Created By: Pulaski County Tourism Bureau & Visitors Center
ROUBIDOUX SPRING CHEROKEE CAMPSITE, LAUGHLIN PARK, SPRING RD: Long before Waynesville was platted, Joseph Roubidoux II, a French fur trapper and trader from New Orleans, built a camp cabin near this spring that is now named for him. Many years later, in 1837, and again in 1839, detachments of Cherokee who were forcibly marched from their homelands of Georgia to what is now Oklahoma camped at the spring and on the land that comprises Laughlin Park. This removal became known as the Trail of Tears. In 2015 the National Park Service, along with the City of Waynesville, and the Missouri Trail of Tears Association partnered to install seven interpretive signs detailing this ugly period of history between the spring and the North Street ford. This site is one of only seven certified Trail of Tears sites in Missouri.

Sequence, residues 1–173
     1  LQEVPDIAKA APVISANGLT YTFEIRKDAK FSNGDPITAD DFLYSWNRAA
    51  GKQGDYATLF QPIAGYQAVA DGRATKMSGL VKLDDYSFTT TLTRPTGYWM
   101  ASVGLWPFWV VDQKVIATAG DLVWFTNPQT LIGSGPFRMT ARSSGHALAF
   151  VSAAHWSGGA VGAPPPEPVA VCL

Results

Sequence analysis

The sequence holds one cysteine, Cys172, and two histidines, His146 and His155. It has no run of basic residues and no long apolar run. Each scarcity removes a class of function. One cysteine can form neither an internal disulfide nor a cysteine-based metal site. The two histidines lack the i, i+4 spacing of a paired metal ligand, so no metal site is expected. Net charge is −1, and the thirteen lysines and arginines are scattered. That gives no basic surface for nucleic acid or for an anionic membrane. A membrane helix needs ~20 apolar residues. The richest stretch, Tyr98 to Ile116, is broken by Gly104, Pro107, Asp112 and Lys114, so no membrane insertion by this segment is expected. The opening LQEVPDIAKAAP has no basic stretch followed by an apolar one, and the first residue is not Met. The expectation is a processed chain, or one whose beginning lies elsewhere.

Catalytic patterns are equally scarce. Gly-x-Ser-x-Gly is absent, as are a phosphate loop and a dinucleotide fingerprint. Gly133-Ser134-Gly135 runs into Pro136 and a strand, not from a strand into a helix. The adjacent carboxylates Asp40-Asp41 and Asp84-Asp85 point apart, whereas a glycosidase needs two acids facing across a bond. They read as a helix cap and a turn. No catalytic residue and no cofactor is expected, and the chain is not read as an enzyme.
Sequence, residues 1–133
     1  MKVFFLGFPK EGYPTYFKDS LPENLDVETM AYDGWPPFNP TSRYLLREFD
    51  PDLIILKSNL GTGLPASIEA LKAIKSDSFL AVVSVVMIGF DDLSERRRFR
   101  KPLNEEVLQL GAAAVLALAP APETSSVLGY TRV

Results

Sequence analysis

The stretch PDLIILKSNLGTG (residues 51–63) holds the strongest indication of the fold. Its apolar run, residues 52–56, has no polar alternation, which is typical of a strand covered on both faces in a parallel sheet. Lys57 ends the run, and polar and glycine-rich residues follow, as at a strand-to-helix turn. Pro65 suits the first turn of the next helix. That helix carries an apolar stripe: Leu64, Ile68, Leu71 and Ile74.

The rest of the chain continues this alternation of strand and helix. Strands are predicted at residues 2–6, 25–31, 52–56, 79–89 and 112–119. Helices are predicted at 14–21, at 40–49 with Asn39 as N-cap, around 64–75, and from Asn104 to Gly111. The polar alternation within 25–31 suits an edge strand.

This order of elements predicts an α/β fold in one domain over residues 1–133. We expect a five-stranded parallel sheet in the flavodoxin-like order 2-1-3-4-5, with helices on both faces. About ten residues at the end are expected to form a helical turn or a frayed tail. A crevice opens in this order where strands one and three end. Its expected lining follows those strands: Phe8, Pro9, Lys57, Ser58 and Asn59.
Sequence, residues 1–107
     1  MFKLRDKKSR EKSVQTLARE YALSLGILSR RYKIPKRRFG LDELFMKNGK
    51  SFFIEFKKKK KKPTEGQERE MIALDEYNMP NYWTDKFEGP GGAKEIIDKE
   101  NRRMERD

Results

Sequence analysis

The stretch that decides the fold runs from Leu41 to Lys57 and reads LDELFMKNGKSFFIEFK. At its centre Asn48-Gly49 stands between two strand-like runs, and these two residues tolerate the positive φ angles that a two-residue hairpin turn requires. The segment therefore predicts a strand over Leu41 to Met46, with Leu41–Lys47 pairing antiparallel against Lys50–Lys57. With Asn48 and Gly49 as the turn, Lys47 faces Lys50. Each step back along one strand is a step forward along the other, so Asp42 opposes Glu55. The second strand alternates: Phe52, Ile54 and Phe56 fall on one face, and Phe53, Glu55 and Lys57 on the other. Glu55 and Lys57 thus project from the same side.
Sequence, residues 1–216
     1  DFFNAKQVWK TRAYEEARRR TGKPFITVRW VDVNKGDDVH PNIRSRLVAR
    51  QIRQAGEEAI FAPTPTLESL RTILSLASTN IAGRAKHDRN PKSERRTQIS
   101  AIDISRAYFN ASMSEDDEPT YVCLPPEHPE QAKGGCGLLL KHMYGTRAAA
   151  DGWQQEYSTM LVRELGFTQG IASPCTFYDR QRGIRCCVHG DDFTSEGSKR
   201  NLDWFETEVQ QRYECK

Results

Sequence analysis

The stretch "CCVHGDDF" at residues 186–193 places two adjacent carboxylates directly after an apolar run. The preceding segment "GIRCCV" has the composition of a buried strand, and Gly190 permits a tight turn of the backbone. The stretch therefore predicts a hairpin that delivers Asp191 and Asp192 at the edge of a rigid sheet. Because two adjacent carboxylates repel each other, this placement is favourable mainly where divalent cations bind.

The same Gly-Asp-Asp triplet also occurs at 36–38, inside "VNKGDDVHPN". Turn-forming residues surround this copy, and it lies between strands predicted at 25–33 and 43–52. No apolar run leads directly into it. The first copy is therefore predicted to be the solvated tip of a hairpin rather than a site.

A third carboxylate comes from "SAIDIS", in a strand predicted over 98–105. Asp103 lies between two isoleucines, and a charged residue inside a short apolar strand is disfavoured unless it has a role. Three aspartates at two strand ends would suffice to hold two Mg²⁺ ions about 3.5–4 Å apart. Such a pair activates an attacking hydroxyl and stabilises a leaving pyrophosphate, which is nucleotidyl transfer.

This trail connects the (north)Waynesville City Park to Laughlin Park (south). If you take the path to the north the path will take you along the tree-lined Roubidoux River with areas to fish and wade in the river. The walking tour will take you to the south, towards Laughlin Park. Along this trail, you will see National Park Service storyboards that tell the story of the Cherokee's trials along the Trail of Tears.
This point of interest is part of the tour: Waynesville Downtown Walking Tour